Brad Hole was pedaling a sea kayak when he nabbed the biggest catch of his life—an 80-pound halibut.
“I’ve been told it’s the largest halibut ever caught on a kayak in the lower 48,” he said.
It was a clear day in May, the water “like glass,” says Hole. He had just ventured out some 3 miles from shore on Neah Bay.
“It was actually the first time I dropped the line in the water,” he said. “I got that fish.”
But before he could celebrate, he had to net the forceful fish that spanned 5 feet long. Hole was prepared with a homemade harpoon, a long wooden piece with a removable top.
“You have to harpoon these, or shoot’em, or something to get’em in. They’re so strong. They can take a chunk out of your leg, or their tails can break your leg,” he said.
Hole figured he had one shot to land the fish with the harpoon. So he planned his attack, then made his move.
“I just leaned over, and I hit it, and the water just exploded like somebody did a cannonball. And my line just—zzz!— went out to water, and my harpoon was floating on the water,” he said.
The fish raced away as Hole gave chase.
“I went way out a quarter mile and brought him up again, and brought the harpoon again,” he said. “And I got another shot at him, and this one got him.”
As the fish thrashed in the water, Hole, with the help of a nearby friend, pulled the fish on board and tied down its tail.
“But for an hour, the thing just slammed (its tail) on the back of the boat,” Hole said, clapping his hands in a metronomic beat to demonstrate. “My adrenaline was just rushing. “
Hole is still savoring his record-setting catch. In addition to bragging rights, he also has a freezer full of fish.
“There is not a lot of room for ice cream,” he said.
The ‘ka-yacht’ and its Herman Miller-esque chair
Hole, 42, has been fishing as long as he can remember. He has spent most of that time casting his line from a pier or from someone else’s boat.
Then three years ago, he found a new way to fish that no longer bound him to land or a boat.
“I call it a ‘ka-yacht,’ because it’s kind of a crossbreed between a boat and a kayak,” he said.
Hole’s kayak is wider and heavier than most, which makes it more stable in the water. And it’s more comfortable than others he has tried.
“The chair on this thing is like almost like a Herman Miller chair. It’s got lumbar support, and it’s got all these positions,” he said.
Unlike many kayaks, Hole’s Hobie kayak is propelled by pedal-powered underwater fins, and has a rudder for steering. The pedals free up Hole’s hands for his fishing pole. But there’s more to mind than just his line, says the angler.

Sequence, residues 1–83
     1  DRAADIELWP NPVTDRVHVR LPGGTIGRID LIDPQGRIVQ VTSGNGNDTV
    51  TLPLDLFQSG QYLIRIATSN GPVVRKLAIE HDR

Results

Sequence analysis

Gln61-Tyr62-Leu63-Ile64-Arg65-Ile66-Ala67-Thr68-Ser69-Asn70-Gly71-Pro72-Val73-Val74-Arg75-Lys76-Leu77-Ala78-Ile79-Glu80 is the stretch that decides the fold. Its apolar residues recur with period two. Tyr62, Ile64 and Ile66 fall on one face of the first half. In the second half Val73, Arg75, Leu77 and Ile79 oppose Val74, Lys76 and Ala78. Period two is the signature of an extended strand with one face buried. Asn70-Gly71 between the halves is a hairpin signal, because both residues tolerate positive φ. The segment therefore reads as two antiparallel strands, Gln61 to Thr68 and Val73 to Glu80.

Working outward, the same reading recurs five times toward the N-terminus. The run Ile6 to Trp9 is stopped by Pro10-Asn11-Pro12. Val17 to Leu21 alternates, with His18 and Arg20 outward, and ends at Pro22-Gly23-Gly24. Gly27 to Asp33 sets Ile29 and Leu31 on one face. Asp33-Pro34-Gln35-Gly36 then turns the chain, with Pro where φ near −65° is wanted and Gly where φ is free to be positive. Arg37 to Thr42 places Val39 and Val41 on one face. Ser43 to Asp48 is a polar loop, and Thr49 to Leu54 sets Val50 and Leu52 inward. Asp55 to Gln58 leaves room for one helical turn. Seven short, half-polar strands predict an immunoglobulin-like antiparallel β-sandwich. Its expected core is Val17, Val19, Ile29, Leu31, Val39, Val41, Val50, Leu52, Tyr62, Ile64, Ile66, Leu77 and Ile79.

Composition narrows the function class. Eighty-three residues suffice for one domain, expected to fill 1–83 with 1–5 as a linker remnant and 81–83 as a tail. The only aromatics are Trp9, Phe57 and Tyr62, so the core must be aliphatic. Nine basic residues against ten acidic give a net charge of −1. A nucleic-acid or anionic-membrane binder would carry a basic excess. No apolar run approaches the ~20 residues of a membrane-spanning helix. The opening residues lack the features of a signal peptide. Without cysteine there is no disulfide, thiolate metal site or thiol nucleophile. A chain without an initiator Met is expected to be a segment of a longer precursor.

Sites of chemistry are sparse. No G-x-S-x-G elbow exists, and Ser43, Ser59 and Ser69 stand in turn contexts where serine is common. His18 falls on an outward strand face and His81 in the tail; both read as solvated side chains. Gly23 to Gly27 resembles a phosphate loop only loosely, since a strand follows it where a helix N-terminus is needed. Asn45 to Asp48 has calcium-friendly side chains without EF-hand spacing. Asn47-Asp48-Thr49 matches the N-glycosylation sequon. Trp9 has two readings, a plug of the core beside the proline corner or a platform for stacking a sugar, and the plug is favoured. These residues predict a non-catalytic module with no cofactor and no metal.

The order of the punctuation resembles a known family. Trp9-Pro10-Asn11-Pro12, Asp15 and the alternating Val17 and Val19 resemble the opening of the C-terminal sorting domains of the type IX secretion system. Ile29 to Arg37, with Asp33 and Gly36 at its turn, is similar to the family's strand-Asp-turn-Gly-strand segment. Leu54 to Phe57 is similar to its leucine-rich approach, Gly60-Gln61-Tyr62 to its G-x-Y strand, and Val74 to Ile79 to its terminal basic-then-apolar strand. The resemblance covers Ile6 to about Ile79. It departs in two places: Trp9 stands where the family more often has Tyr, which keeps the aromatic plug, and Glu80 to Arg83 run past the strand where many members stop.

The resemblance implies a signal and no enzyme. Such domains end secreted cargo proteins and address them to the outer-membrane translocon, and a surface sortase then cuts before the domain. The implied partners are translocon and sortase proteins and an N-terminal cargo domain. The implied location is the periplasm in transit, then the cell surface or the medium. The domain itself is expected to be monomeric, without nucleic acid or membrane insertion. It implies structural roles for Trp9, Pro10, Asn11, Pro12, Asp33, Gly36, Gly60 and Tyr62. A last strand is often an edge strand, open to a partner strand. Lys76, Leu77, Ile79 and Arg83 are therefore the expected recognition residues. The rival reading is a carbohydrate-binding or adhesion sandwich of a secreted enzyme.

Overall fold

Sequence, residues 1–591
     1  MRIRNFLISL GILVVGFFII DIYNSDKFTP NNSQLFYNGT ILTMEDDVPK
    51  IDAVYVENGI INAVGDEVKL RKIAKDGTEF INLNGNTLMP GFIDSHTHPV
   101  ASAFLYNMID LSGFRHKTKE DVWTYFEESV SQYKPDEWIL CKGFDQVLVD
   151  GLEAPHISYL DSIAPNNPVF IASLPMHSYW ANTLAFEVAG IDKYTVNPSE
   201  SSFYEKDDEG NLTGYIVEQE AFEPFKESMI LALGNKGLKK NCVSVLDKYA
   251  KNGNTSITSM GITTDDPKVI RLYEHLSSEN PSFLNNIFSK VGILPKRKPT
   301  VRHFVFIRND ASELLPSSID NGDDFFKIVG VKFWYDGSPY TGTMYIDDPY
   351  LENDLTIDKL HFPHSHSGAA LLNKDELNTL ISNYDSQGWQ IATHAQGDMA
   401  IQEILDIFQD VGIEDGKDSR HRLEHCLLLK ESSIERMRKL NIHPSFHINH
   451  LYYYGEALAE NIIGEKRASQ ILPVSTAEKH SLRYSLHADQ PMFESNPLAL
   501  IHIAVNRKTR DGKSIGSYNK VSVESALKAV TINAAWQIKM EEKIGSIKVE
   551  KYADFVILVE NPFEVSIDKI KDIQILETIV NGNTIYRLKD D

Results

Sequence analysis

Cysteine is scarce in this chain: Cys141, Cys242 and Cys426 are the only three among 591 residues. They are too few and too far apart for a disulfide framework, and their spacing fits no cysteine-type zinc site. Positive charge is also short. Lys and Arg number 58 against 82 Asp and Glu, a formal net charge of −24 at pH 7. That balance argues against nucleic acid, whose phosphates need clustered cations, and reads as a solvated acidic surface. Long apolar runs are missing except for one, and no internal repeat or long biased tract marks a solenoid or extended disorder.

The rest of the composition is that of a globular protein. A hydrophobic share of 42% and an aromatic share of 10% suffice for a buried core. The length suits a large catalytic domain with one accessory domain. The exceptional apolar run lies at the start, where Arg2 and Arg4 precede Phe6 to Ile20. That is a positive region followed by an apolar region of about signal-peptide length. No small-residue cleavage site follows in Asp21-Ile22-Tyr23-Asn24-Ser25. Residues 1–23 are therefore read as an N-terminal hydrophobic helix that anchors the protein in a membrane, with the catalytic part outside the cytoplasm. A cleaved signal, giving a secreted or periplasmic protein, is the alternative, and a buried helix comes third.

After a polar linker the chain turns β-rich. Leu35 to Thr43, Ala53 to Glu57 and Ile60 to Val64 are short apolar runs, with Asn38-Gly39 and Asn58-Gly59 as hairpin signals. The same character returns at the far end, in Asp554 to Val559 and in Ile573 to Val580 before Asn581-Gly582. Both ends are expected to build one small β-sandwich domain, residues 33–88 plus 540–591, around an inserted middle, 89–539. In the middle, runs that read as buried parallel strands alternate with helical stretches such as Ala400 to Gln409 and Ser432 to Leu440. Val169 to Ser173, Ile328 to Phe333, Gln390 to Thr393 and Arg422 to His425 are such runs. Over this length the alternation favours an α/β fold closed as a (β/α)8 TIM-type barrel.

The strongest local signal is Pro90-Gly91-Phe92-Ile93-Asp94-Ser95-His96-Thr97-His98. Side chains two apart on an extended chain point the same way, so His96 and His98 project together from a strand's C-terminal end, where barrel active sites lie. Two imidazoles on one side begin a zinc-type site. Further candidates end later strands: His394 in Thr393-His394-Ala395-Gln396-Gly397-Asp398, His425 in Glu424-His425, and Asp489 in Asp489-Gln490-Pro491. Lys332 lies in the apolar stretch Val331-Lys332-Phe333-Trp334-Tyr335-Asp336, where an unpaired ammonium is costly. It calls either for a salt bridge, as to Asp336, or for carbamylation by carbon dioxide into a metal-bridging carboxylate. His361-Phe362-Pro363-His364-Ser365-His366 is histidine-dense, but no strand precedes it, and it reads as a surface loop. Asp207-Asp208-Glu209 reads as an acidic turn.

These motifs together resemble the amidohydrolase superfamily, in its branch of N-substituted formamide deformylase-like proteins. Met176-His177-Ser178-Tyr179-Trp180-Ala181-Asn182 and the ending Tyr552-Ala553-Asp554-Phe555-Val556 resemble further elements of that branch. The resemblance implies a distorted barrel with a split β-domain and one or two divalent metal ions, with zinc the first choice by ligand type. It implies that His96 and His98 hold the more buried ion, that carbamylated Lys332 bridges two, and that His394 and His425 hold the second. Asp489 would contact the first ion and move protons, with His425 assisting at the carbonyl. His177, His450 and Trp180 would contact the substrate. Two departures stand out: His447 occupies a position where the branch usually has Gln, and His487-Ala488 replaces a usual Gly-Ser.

“You have to multi-task. You’re paddling, you’re steering,” he said. “It involves more thinking. You’ve got the wind at you, you’ve got a line out, you’ve got to paddle, you’ve got to steer, you’re looking at the fishfinder. So that can be challenging.”
And as Hole learned with his prized halibut, bringing in a big catch can be tricky, too.
“You can imagine a king salmon on this. It’s almost like a sleigh ride. You hook one, and it can almost take you for a ride, and you’ve got to net it, too,” he said.
But once you get used to the routine, says the seasoned angler, it becomes as automatic as riding a bicycle.
“A lot of it, you don’t even think of. You just kind of get in this groove,” he said. “It’s relaxing to me. I don’t think of it as so much to do.”
Hole’s kayak and equipment cost nearly $5,000, but he describes his setup as “top-of-the-line”; beginners can get started with $800.
“I would say spend it on a kayak that suits you. A fishfinder, I think, is key,” he said. “Hopefully you’ll have your own fishing gear, and the rest of the stuff—you can kind of (get in) piecemeal.”
Teaching others how to fish
Hole is one of many anglers who have taken to kayaks in recent years. As a member of the Northwest Kayak Anglers, an online forum that covers five states, he has watched the community—and the interest—steadily grow. And on shore, he often enjoys brief spurts in the spotlight.
“My buddy and I, we’re always surprised by the number of people that come up to us and ask questions. We have a crowd around us, asking us all kinds of thing.” He said. “They’d never seen one of these before.”
As a convert himself, Hole understands the appeal.
“It’s a lot cheaper than owning a boat. And you don’t have to pay for gas,” he said. “It’s a nice one-man craft, so you can take it out whenever you want. You can get into tighter areas. You can get into shallower waters that power boats can’t get into.”
Hole is often asked how he turned an ordinary kayak into an envious fishing rig. His answer: countless hours of watching YouTube videos, and reading up on different equipment and options. Then came the many trials and errors that preceded his current setup.
“When you go out and buy a kayak like this … that’s the easy part,” he said. “Where do I put the rod holder? What are the best ones out there?”
Hole has since found the answers to the questions that once puzzled him. To help demystify the process for beginners, he and fellow angler Todd Switzer began planning a business around guided kayak fishing tours and kayak rentals. But the two have since learned the logistics like insurance costs and strict regulations for salmon fishing may prove prohibitive.
While they explore their options, the two plan to hold free clinics on Lake Washington come fall. And they’ll continue to answer questions online, in forums and on their Facebook page, Kayak Fishing Washington.
“We’ve spent thousands of hours out there, and feel we’ve really dialed it in as far as how to fish with these,” said Hole. “We thought this would be a good community-type meetup. Get people out in the water and more comfortable in a kayak, and provide a resource that neither of us had.
“We had to learn it the hard way. And we want to share some of our knowledge and spread the interest out there.”